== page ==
Introducing Karpenter – An Open-Source High-Performance Kubernetes Cluster Autoscaler

Introducing Karpenter – An Open-Source High-Performance Kubernetes Cluster Autoscaler

Originally posted on dev.

At re:Invent 2021, AWS announced the v0.5.0 release of Karpenter, marking its open-source, Kubernetes node provisioning project as production ready. With Karpenter, Kubernetes users can now dynamically provision underlying compute nodes based on pod specifications more efficiently than the existing Kubernetes cluster-autoscaler project.

Karpenter is an open-source, flexible, high-performance Kubernetes cluster autoscaler built with AWS. It helps improve your application availability and cluster efficiency by rapidly launching right-sized compute resources in response to changing application load. Karpenter also provides just-in-time compute resources to meet your application’s needs and will soon automatically optimize a cluster’s compute resource footprint to reduce costs and improve performance.

Before Karpenter, Kubernetes users needed to dynamically adjust the compute capacity of their clusters to support applications using Amazon EC2 Auto Scaling groups and the Kubernetes Cluster Autoscaler. Nearly half of Kubernetes customers on AWS report that configuring cluster auto scaling using the Kubernetes Cluster Autoscaler is challenging and restrictive.

Kubernetes-native cluster autoscaler is now production-ready according to AWS.

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So how does Karpenter work, and how is it different than cluster autoscaler?

Karpenter

  • If you are familiar with GKE Autopilot’s dynamic node provisioning process, you can view Karpenter as an open-source version of that tool, designed to work with any Kubernetes cluster (NOTE: currently AWS is the only officially supported cloud provider).
  • Similar to GKE Autopilot, Karpenter observes the pod specifications of unschedulable pods, calculates the aggregate resource requests, and sends a request to the underlying compute service (e.g. Amazon EC2) with capacity needed to run all the pods.
  • Underneath the hood, Karpenter defines a Custom Resource called Provisioner to specify the node provisioning configuration including instance size/type, topology (e.g. zone), architecture (e.g. arm64, amd64), and lifecycle type (e.g. spot, on-demand, preemptible).

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  • On the flip-side, Karpenter can also deprovision nodes when they are no longer needed. This can be determined by node expiry config (ttlSecondsUntilExpired) or when the last workload running on Karpenter provisioned node is terminated.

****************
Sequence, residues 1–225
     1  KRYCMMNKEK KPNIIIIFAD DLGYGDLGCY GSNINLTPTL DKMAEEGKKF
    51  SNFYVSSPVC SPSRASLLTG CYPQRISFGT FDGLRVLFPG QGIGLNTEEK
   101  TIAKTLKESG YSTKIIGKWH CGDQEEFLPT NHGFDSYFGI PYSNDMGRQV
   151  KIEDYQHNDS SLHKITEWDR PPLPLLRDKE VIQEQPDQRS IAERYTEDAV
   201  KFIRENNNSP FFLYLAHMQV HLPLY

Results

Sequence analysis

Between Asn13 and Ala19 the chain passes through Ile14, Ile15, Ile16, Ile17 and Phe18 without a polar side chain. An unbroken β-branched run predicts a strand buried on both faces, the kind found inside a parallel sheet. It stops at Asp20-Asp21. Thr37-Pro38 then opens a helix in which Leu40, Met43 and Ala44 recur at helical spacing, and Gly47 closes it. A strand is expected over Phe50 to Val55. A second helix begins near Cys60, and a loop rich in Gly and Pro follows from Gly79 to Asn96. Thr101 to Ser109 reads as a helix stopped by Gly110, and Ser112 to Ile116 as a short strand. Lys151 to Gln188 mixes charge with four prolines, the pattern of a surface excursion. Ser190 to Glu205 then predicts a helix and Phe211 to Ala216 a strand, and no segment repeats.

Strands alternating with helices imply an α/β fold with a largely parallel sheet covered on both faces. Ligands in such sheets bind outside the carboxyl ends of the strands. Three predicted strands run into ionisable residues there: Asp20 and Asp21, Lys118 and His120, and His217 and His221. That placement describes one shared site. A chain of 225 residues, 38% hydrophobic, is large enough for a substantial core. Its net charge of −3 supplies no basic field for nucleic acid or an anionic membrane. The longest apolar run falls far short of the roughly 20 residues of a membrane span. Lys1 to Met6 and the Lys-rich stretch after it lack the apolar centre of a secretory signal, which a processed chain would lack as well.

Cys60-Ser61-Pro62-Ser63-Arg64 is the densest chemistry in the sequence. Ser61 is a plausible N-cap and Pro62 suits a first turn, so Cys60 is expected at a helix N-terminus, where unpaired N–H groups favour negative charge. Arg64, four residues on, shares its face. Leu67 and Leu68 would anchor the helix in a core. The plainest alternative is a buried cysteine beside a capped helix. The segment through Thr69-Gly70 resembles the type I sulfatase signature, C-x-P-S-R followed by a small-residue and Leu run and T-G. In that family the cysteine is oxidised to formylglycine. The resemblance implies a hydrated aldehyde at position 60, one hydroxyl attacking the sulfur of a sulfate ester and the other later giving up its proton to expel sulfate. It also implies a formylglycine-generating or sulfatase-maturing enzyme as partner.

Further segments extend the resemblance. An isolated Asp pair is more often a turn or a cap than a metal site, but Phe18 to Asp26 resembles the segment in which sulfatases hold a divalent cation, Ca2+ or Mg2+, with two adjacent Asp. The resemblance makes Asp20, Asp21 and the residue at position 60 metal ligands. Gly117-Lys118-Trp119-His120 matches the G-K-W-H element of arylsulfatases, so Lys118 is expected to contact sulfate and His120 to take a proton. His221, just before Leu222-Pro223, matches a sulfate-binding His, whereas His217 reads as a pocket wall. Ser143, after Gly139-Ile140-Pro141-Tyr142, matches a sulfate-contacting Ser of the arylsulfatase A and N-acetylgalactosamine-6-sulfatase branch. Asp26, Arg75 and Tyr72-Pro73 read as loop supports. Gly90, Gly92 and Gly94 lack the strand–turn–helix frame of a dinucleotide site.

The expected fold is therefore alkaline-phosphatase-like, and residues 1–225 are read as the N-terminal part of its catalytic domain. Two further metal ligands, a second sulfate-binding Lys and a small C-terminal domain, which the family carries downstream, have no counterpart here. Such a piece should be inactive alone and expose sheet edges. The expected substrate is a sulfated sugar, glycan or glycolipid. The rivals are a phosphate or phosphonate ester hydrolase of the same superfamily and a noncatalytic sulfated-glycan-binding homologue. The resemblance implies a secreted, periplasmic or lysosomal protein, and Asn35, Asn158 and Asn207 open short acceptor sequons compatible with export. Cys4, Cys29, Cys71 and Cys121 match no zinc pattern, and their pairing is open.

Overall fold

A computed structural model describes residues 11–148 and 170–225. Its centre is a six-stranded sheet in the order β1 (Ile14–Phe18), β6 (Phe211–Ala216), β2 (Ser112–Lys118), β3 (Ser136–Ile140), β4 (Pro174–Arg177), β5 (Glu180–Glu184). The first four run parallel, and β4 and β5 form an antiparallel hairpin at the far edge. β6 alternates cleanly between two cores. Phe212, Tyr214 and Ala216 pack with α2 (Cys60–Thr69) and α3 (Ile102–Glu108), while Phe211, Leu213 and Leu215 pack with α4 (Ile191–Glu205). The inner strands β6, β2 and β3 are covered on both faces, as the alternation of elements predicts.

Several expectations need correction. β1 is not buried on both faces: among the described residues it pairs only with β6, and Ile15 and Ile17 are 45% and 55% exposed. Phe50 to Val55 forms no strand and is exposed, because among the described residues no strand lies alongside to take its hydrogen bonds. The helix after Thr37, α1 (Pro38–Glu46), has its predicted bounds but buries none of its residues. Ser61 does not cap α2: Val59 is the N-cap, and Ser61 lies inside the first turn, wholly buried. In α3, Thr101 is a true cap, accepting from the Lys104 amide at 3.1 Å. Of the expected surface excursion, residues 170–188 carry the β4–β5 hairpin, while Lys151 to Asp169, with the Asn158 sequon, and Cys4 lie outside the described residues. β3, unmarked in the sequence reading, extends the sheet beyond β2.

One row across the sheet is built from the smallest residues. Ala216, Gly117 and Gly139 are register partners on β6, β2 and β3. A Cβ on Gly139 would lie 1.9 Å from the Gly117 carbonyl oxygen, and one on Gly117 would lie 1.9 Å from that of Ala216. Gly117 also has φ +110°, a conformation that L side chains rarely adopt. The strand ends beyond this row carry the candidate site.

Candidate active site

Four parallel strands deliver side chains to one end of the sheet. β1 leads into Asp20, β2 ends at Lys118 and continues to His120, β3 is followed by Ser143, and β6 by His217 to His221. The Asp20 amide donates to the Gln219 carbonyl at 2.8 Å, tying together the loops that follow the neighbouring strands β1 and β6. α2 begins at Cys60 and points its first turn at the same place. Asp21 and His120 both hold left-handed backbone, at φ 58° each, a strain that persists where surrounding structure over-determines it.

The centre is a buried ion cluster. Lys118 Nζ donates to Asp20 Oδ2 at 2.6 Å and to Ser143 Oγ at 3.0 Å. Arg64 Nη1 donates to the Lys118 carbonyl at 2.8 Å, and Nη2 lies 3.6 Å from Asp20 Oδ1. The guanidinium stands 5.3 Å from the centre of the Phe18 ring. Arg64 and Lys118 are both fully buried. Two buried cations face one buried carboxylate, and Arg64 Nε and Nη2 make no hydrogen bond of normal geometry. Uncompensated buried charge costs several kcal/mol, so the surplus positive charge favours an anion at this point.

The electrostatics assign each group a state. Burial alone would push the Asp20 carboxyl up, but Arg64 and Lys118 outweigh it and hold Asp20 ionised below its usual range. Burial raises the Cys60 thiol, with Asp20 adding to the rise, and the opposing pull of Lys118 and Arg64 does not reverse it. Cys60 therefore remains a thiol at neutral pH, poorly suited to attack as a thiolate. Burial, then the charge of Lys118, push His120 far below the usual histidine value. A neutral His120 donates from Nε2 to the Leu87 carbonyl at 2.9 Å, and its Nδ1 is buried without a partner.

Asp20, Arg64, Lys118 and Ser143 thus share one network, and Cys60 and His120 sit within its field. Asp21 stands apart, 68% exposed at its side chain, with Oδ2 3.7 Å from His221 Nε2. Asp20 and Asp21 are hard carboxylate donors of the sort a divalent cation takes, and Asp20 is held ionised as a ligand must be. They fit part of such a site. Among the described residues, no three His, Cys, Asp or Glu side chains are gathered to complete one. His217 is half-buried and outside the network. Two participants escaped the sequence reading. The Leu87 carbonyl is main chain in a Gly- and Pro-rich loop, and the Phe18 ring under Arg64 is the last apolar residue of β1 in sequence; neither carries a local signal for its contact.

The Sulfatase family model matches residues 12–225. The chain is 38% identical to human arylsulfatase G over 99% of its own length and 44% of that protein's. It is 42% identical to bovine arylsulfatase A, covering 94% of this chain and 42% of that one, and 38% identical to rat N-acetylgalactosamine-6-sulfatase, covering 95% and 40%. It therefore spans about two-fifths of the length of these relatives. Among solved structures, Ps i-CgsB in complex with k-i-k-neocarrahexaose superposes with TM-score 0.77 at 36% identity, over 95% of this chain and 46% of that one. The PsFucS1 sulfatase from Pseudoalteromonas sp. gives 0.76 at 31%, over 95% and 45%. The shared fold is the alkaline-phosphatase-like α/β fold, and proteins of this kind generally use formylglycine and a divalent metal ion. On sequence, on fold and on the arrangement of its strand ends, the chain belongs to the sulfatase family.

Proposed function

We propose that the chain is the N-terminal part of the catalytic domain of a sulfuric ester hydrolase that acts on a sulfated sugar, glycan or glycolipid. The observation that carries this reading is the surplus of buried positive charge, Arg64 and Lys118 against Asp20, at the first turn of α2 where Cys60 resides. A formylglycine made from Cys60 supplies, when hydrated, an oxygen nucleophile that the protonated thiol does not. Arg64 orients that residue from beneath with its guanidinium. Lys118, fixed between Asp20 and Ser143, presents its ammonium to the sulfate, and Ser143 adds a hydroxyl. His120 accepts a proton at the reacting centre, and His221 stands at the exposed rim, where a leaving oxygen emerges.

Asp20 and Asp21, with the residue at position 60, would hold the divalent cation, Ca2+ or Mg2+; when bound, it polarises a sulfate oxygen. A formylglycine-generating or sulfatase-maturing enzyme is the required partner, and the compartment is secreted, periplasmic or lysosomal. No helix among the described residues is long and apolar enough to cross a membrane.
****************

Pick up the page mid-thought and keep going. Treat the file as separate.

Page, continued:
• Either of these two events triggers a finalization, which cordons the nodes, drains the pods, terminates the underlying compute resource, and deletes the node object. This deprovisioning feature can also be used to keep the nodes up to date with the latest AMI as well.

Karpenter vs. Cluster Autoscaler

  • At a cursory look, Karpenter works similarly to the existing Kubernetes cluster autoscaler project. After all, cluster autoscaler is also cloud-agnostic and can scale up or down based on pod resource requests.
  • Upon a closer look, however, Karpenter provides several advantages over cluster autoscaler:
    • Kubernetes native scaling: Cluster autoscaler for AWS utilizes EC2 Auto Scaling groups to trigger scaling events. Since ASGs were designed before Kubernetes, this integration is clunky and slow. For example, managed node group users still can’t configure it to scale nodegroups to 0, making batch workload types more expensive to run on EKS.
    • No need to pre-provision node groups: Cluster autoscaler can only provision nodes based on specifications provided by node groups, which require worker groups to have specific tags and work best with similar instance types. This meant that if you wanted to run performance tests, you needed to predefine a node group with beefier EC2 machine types for cluster autoscaler to trigger scaling events. With Karpenter, you can utilize all of AWS instance types on demand. Since Karpenter manages each instance directly without node groups, it is also much faster to request a new compute instance when capacity is unavailable.
    • Faster scheduling: With cluster autoscaler, pods rely on kube-scheduler to create pods to new nodes once new resources become available. Since Karpenter manages nodes directly, it can immediately launch pods to new nodes without having to wait for the scheduler.

Conclusion

With Karpenter, we can offload node provisioning, autoscaling, and upgrades and focus on running our applications. Karpenter works with all kinds of Kubernetes applications, but it performs particularly well for use cases that require rapid provisioning and deprovisioning large numbers of diverse compute resources quickly. For example, this includes batch jobs to train machine learning models, run simulations, or perform complex financial calculations.

Source: dev